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No, this is not about lazy loading. We are talking about image compression only, as images are an important part of your page load (20% on average). Every byte counts when you want to get a 100% Google Lighthouse Score. I was happy to find that Boris Smus did some great ground work on this topic, suggesting that a ‘highly compressed 2x image is smaller in size and looks better than the uncompressed 1x image’. I used one of Boris his examples to illustrate this article, in which we will try to avoid any visible compression artifacts, while still compressing our image(s) significantly.
We will try to avoid any visible compression artifacts, while still compressing our image(s) significantly.
Consider the following ‘retina-ready’ image of 881.7kb (0.9Mb) of this orange Lamborgini sports car. This images has four time the amount of pixels you are seeing, when you are on a device with a non-retina display. It looks perfect on any screen… but the fact that you just downloaded almost 1Mb is terrible.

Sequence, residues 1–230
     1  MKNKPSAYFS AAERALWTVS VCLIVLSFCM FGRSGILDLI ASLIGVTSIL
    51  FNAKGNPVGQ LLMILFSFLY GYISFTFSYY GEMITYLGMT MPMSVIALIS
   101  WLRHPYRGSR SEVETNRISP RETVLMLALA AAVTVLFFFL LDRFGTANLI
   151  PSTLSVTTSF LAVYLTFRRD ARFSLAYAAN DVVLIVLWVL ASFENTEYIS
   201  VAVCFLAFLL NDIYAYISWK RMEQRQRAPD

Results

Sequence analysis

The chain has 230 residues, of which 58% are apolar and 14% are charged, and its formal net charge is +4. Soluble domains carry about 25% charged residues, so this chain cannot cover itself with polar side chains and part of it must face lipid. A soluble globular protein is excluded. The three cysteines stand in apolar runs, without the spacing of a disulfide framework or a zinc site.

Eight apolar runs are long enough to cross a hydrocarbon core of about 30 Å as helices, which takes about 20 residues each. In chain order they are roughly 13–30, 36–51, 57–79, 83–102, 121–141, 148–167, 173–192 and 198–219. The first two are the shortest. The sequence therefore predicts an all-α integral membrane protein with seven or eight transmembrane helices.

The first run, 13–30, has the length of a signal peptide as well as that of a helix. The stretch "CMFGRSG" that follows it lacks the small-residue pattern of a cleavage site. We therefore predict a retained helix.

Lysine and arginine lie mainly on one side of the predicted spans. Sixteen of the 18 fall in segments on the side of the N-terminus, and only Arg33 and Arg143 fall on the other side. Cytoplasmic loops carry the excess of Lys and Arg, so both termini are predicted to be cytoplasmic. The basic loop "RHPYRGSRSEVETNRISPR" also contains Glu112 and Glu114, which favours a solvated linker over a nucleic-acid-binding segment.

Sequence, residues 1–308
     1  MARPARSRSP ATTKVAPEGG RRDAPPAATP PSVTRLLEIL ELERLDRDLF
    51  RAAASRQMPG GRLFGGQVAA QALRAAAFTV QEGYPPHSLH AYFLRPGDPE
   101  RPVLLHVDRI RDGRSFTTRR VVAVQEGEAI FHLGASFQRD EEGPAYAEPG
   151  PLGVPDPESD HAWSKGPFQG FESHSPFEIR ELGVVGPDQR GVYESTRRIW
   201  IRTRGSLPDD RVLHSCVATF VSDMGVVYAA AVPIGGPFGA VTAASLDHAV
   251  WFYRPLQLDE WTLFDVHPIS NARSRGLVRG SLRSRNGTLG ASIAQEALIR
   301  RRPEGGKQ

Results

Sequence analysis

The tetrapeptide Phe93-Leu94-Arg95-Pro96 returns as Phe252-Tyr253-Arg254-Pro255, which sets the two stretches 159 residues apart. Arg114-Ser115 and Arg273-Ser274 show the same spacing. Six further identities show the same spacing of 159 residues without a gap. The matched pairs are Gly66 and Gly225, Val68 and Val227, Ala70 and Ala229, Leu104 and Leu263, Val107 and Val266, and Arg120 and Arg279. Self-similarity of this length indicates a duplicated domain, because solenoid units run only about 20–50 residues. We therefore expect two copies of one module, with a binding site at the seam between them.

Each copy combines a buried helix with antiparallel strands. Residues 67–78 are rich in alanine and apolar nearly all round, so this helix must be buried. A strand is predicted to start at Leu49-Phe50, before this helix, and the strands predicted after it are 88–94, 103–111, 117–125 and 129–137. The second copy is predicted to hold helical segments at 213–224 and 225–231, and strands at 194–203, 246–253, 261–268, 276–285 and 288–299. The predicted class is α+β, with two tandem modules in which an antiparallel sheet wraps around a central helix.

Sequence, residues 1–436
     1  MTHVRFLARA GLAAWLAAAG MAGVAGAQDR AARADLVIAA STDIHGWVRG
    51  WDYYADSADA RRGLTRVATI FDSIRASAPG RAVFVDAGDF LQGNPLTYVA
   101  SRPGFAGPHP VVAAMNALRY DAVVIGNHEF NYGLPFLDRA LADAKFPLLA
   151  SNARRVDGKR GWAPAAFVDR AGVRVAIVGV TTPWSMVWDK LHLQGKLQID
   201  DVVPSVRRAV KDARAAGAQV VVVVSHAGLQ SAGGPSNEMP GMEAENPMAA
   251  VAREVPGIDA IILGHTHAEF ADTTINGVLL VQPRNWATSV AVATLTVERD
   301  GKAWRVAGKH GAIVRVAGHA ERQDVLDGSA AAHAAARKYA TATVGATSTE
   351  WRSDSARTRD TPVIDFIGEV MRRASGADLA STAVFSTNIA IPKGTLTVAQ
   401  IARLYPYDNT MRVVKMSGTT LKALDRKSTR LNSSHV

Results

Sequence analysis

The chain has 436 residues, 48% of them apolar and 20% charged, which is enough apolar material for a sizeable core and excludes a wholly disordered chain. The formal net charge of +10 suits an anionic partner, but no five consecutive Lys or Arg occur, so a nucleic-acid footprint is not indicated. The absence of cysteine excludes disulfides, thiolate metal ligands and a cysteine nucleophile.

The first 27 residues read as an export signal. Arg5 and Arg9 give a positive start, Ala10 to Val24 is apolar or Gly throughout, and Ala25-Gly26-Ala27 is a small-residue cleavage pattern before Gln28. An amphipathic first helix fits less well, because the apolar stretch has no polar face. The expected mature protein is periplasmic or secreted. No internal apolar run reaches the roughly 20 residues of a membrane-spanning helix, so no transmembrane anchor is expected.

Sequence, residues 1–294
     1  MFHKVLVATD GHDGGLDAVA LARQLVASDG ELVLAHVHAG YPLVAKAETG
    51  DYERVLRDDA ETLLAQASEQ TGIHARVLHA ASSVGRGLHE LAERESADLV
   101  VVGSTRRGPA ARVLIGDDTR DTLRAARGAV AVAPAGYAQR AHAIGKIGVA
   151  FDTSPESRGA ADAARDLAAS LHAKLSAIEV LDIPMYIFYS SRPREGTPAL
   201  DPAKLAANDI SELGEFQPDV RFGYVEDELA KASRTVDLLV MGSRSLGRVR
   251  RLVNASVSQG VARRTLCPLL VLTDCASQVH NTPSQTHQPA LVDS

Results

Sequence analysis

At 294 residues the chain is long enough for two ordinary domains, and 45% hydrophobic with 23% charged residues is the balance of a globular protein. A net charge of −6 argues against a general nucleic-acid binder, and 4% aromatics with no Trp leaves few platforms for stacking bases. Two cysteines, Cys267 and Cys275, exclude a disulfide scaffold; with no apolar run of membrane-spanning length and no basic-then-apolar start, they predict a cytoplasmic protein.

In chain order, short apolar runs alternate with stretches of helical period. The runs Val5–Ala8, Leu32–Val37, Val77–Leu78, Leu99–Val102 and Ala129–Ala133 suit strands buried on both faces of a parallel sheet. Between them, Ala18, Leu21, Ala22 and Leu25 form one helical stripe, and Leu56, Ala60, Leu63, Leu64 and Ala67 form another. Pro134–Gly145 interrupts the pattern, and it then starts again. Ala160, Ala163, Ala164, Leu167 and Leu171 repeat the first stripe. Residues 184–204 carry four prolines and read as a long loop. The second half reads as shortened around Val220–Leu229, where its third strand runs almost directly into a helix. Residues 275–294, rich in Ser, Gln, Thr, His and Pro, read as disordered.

We could save a lot of bandwidth by adding a ‘source set’. This would instruct the browser to get a low resolution version on non-retina displays. This means we use a 1x image and a 2x image. Both these images could be compressed to save even more bandwith. But what is the right amount of compression for images on retina and non-retina displays?
|1x 10% jpg||12.6kb|
|1x 20% jpg||18.0kb|
|1x 30% jpg||22.7kb|
|1x 40% jpg||26.5kb|
|1x 50% jpg||30.2kb|
|1x 60% jpg||34.3kb|
|1x 70% jpg||40.3kb|
|1x 80% jpg||50.3kb|
|1x 90% jpg||73.6kb|
|1x 100% jpg||246.6kb|
|2x 10% jpg||32.2kb|
|2x 20% jpg||50.1kb|
|2x 30% jpg||66.3kb|
|2x 40% jpg||79.8kb|
|2x 50% jpg||92.8kb|
|2x 60% jpg||107.1kb|
|2x 70% jpg||129.1kb|
|2x 80% jpg||164.6kb|
|2x 90% jpg||250.8kb|
|2x 100% jpg||881.7kb|
Well, I would argue that non-retina displays (can) have such large pixels that any kind of compression is visible. However, a 90% image quality still results in a good image. For some cases 50% is even acceptable. However, if I had to choose one size for all my images (because I had to define it in Hugo), I would go for 90%. The savings are enormous and the quality is always good.
Perfect image quality